foreshadowed might be made, you have a very
handsome property, and one containing apparently
something over half a million sterling worth of tin."

BISICHI TIN COMPANY (NIGERIA), LTD.

Capital. ;2oo,ooo in i shares.

Directors. The Earl of Wharncliffe, Sir William Wallace,
K.C.M.G., William Scott Coutts, Samuel Watkin Carlton,
James Gardiner.

Secretary. Stanley Aldous.

Offices. 51 and 52 Fenchurch Street, E.G.

This company was formed to acquire and work
mining rights over a property known as the
Bisichi Valley Tin Area, comprising an area of
three square miles in extent, situated in the Bauchi
Tin Fields. It is located about 1 2 miles south-east
of Jos, at the head-waters of the river Gongola, on
the main transport route from Keffi to Naraguta.

Mr. Laws, the general mining manager of the
Niger Company, in his report, says :

" One of the most pleasing features of this



130 NIGERIA AND ITS TIN FIELDS

property is its constant supply of water for sluic-
ing and power purposes, and the ample head of
water given by the three falls for hydraulicing."

In the Bisichi Valley there is a large alluvial
deposit of light sandy material which is quite
free from clay, and is extremely friable, and
consequently capable of cheap and rapid concen-
tration.

Black oxide of tin occurs abundantly in the
river beds and adjacent alluvial flats, and is of
very good quality, there being practically no iron
or other impurity associated with it. The tin-
bearing alluvial is all on the surface, and varies
in depth from a few inches to some 20 feet in the
vicinity of the river.

Systematic tests of the alluvial by trial pits
were commenced this year, and up to the present
the great proportion of the alluvial of the river
Bisichi has been tested.

The tested ground averages 4 yards in depth,
and contains approximately 2,120,000 cubic yards
of payable alluvial wash. The latter varies in
value from traces to 129 Ibs. of black tin per
cubic yard, the average value being 7.27 Ibs. of
black tin per cubic yard. The total contents of
the tested portion therefore amounts to 6,800
tons, exclusive of the river bed deposits, which



BISICHI TIN COMPANY 131

the Niger Company's engineers estimate to contain
about 1,000 tons.

The nature of the river-bed wash does not lend
itself to accurate sampling, but Mr. Laws, judging
by actual returns from similar deposits on this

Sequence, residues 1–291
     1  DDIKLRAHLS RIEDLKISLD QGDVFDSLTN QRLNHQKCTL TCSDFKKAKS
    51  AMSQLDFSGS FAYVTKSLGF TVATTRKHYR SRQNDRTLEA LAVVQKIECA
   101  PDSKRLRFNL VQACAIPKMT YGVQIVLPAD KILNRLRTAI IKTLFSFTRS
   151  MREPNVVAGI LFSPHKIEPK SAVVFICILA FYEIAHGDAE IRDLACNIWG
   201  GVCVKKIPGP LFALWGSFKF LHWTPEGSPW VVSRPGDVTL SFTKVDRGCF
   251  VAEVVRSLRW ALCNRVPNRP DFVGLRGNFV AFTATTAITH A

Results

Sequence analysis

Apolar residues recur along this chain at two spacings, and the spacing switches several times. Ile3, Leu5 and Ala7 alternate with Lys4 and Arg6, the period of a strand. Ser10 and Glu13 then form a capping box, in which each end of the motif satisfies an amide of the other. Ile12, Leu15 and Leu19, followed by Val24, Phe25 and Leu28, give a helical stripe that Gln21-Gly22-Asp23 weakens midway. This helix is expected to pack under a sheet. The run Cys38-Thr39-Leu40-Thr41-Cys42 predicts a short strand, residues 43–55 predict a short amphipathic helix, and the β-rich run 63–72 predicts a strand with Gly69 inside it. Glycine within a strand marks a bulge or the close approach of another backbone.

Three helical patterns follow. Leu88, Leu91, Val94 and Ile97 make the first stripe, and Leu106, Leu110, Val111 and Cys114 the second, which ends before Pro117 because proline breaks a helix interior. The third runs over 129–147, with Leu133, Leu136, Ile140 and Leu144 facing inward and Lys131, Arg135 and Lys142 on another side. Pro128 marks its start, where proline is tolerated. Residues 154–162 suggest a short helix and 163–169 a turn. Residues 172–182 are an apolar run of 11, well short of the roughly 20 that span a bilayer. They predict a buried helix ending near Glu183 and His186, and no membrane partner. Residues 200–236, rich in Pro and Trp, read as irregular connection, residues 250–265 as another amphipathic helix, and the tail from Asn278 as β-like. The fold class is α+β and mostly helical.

field, considers this estimate of 1,000 tons a
moderate one, and states that it may be taken
that some 7,800 tons of black tin (containing over
70 per cent, of pure metal) have been developed to
date. Taking the costs as estimated by Mr. Laws
at 45 per ton, the above tonnage contained
in the area already proved, shows an available
profit of over 350,000.

Payable tin-bearing alluvial exists on other
portions of the Bisichi Valley area, but as it has
not yet been measured or tested, no exact estimate
can be made of quantities and values. The ground
already tested represents about one-tenth of the
total area ; but the very high values and quantities
so far disclosed cannot be taken to apply to the
whole area, as it is natural that the course of the
main stream should carry better values and deeper
ground than the remainder of the land where
the alluvial would be more patchy and shallower.
It will be seen, however, that the estimated
working costs per ton have been placed by Mr.
Laws at a figure which will permit of lower



132 NIGERIA AND ITS TIN FIELDS

grade ground being worked than that already
referred to.

Mr. Laws advises the immediate erection of an
hydraulicing plant capable of dealing efficiently
with wash dirt sufficient to produce 800 tons of
black tin annually, an ample head of water being
available for this purpose throughout the year.

He also states that it would be quite possible
to commence work on the property immediately
by ground sluicing; but he is strongly of opinion
that this policy would be unwise, as the disturb-
ance of the ground might tend to interfere with
the economical working on a large scale such as
is proposed.

Provided no unforeseen difficulties arise, Mr.
Laws is of opinion that the whole of the plant
would be in operation within nine months.

If Mr. Laws' advice is taken, he estimates that
working cost would amount to about 10 per ton
on ore of the value already found, but, as stated
above, to allow for working a larger quantity of
lower grade ground, working costs should be
placed at 15 per ton of ore. The price of the
ore in the market at Liverpool may be taken at
90 per ton, which, after deducting 15 for
working costs, and 30 per ton for transport and



WEST AFRICAN MINES 133

contingencies, would leave a margin of profit of
45 per ton of ore. Although it is proposed in
the earlier stages of development to equip the
mine with plant capable of producing 800 tons
annually, any increase on this rate of working